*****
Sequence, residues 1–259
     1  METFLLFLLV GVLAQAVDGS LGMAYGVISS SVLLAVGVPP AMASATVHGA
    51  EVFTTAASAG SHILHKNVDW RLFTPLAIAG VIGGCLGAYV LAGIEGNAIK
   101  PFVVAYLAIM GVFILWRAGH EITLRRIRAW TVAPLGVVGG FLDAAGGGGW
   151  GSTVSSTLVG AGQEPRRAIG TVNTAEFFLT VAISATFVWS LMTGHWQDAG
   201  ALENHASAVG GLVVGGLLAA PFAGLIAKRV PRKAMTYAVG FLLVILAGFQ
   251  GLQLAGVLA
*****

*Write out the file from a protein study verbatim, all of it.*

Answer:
Sequence, residues 1–259
     1  METFLLFLLV GVLAQAVDGS LGMAYGVISS SVLLAVGVPP AMASATVHGA
    51  EVFTTAASAG SHILHKNVDW RLFTPLAIAG VIGGCLGAYV LAGIEGNAIK
   101  PFVVAYLAIM GVFILWRAGH EITLRRIRAW TVAPLGVVGG FLDAAGGGGW
   151  GSTVSSTLVG AGQEPRRAIG TVNTAEFFLT VAISATFVWS LMTGHWQDAG
   201  ALENHASAVG GLVVGGLLAA PFAGLIAKRV PRKAMTYAVG FLLVILAGFQ
   251  GLQLAGVLA